Submission relating to proposals by the Pharmacy Council to alter Clause 6.9 of the code of Ethics

I am Edward Linney a consumer with an active interest in evidence based medicine.

I do not support the intent of clause 6.9b to avoid a requirement of credible evidence of efficacy for complementary therapy or other healthcare products.

Extract from consultation document

Proposed supplementary wording – two distinct parts – clause 6.9

6.9a     “Only supply or promote any medicine or herbal remedy where there is no reason to doubt its quality or safety and when there is credible evidence of efficacy.”


6.9b     “Only supply any complementary therapy or other healthcare product where there is no reason to doubt its quality or safety and when sufficient information about the product can be provided in order for thepurchaser to make an informed choice with regard to the risks and benefits of all the available treatment options.”


The addition of 6.9b explicitly avoids any requirement for there to be credible evidence of efficacy. It moves the roles of evaluation of scientific evidence from the scientists to the consumer. This is bizarre, we all understand that the patient purchasing the homeopathic remedy for example is a believer and is most unlikely to be able to make an informed decision in the complex task of selecting the best products to treat themselves with.

Pharmacies are businesses BUT they are run by scientifically qualified people and they trade on this image. They are the only place where the public can purchase prescribed pharmaceuticals. Pharmacists enjoy a very privileged position in that regard. In my view the public expects you to sell and promote products which are shown in appropriate testing to perform better than a placebo, in short evidence based products.

The National Health and Medical Research Council of Australia ( The Government if you will) published an unqualified opinion in March 2015 after wide public consultation and a meta analysis of many trials that homeopathy is no more effective than placebo in treating humans. It comes as no surprise to me that when the credibility of these products which are actively promoted and sold in all my local pharmacies is vanishing that the Council proposed to avoid the requirement for efficacy in the sale of these to the public by pharmacies.

I believe there is a connection between the growing awareness that homeopathic remedies are placebos and the intention to explicitly avoid efficacy in the code of ethics in relation to their sale in pharmacies. It is a business protection step taken now to ensure that members of the public cannot take pharmacies to task for breaches of their code of ethics.

I submit it is totally unethical for the Council to put in place a provision whereby a scientifically trained seller uses that credibility to then sell known placebos as if they have efficacy. It is a betrayal of the science that trained them and a cynical exploitation of their status as health professionals. I wonder if pharmacists will have a warning label on these products which states they have NO active ingredients and they are no more effective than placebos. Perhaps the Council, if it wishes to see pharmacists selling these products should insist on a step like this, that would be the truth and assist the informed choice you are advocating. It was not so long ago that the pharmacies used to say “the health professional you see most often”, sadly you cannot make this claim today given current practice in selling known placebos.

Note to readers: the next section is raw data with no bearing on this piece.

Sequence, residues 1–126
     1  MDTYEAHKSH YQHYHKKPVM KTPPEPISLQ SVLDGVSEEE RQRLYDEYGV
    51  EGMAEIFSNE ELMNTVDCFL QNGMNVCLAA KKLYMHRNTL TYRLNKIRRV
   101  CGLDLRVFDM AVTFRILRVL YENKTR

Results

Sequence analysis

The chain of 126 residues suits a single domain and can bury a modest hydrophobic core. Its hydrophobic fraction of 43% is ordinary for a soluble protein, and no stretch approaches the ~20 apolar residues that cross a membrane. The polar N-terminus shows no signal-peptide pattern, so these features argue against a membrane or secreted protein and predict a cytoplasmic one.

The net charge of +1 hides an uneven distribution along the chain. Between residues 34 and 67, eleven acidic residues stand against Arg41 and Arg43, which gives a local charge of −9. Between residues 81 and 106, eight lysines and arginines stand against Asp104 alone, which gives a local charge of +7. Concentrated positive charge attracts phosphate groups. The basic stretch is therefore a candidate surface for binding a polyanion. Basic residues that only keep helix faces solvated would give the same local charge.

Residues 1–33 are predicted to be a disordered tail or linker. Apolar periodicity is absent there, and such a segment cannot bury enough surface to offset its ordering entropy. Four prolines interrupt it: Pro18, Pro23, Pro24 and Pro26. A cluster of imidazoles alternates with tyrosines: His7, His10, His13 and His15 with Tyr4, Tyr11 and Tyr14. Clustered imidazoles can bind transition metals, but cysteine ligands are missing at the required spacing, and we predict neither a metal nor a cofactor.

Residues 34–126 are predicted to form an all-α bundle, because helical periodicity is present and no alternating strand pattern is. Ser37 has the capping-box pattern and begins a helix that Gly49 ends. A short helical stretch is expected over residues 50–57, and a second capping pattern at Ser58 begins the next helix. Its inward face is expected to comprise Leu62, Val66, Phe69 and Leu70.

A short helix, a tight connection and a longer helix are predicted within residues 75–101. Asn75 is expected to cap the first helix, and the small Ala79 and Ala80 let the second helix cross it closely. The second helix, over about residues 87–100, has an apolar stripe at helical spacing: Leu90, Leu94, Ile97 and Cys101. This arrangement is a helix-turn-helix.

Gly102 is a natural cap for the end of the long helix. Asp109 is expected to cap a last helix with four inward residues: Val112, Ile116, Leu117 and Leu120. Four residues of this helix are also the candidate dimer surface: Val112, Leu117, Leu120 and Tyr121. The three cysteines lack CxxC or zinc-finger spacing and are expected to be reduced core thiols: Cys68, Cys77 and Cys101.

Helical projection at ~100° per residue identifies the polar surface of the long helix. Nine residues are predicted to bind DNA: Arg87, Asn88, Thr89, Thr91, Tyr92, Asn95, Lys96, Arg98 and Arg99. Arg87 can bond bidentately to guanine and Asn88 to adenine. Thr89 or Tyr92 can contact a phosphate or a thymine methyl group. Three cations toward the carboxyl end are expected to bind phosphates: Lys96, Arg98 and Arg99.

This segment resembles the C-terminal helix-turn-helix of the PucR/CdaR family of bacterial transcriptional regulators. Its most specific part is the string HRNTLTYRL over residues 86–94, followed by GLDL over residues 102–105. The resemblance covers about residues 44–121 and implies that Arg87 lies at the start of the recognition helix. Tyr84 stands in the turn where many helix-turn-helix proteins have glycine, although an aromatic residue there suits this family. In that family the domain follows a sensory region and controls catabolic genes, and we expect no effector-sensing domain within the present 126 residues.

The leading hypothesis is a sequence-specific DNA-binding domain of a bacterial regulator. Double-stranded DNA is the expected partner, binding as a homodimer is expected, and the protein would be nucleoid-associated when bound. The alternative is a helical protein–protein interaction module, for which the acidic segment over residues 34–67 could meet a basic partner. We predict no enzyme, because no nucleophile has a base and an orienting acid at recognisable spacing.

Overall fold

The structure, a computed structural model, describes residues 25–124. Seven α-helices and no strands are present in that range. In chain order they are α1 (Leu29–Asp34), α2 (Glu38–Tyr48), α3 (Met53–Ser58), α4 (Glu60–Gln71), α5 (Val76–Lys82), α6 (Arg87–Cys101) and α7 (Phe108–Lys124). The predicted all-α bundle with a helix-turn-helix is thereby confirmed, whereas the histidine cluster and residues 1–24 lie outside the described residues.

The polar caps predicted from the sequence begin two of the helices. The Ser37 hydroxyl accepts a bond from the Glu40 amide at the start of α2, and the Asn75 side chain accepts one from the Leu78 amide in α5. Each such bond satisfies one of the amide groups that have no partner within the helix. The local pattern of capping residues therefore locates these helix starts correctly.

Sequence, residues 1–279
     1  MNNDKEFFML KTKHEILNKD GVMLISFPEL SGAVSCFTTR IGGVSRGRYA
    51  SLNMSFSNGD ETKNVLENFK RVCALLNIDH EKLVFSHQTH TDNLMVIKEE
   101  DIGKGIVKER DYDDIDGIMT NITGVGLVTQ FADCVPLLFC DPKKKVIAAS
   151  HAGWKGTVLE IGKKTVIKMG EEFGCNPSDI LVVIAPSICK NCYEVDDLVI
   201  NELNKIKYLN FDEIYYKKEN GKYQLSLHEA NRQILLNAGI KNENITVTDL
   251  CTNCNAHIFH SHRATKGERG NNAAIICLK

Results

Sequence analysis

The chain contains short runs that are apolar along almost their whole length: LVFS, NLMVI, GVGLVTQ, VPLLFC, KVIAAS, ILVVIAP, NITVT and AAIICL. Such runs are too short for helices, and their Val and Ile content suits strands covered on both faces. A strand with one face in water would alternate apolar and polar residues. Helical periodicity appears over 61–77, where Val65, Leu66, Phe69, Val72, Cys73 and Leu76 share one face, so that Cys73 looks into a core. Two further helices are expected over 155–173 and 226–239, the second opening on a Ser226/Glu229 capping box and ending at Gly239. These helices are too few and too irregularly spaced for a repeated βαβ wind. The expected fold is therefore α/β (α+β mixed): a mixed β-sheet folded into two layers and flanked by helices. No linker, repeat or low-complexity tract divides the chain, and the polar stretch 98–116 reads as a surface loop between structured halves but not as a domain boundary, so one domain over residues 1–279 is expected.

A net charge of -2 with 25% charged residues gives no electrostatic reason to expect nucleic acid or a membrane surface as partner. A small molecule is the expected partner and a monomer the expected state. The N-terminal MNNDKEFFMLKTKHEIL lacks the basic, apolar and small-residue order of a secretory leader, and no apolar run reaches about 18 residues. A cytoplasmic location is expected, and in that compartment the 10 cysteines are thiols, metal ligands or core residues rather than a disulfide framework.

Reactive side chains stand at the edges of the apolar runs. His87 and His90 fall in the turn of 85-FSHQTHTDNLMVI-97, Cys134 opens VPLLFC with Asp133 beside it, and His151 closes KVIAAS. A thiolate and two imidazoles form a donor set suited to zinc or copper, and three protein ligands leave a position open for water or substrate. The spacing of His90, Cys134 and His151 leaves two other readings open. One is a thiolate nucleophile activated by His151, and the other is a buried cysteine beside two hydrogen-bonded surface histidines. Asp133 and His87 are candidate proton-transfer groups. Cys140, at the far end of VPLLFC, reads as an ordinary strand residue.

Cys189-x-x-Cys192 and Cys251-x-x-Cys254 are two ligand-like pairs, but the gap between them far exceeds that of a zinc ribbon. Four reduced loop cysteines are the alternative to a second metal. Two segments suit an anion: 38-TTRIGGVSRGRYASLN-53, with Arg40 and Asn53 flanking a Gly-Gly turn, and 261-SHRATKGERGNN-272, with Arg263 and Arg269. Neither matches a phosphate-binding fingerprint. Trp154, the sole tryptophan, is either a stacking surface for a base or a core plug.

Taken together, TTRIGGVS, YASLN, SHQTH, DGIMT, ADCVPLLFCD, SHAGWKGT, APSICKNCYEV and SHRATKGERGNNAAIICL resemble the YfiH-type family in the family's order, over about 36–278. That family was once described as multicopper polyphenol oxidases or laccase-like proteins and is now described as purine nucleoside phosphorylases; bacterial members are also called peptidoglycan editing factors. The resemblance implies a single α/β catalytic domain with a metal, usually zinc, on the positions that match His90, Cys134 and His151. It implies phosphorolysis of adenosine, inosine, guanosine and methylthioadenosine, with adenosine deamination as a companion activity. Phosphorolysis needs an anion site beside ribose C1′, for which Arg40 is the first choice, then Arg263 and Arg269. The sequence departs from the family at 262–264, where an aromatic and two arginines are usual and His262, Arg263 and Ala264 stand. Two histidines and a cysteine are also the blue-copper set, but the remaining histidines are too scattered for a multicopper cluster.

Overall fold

It is telling that the consultation document suggests not promoting or recommending products which lack efficacy but is unwilling to take the ethical step of including efficacy explicitly in the code. It is simply duplicitous and puts commercial gain ahead of evidence based operations in patient and public outcomes.

The Council should retain the requirement at all times when selling products that claim to assist medical situations that there MUST be credible evidence of efficacy. Not to do so is in breach of the duty of Council to promote good practice and protect the public by being complicit in the public opting for remedies which are placebos and thereby not using genuinely efficacious products that have been proven by proper trials. The patient outcomes are likely worsened if a placebo is used in place of the best treatment.

Pharmacies seek to be taken seriously and want to expand on their offering in the evidence based market by adding things like Wharferin testing for example. They cannot have it both ways they are either just a peddler of anything the public wants or are serious health professionals. Your decisions in this matter will answer that question.

Edward Linney

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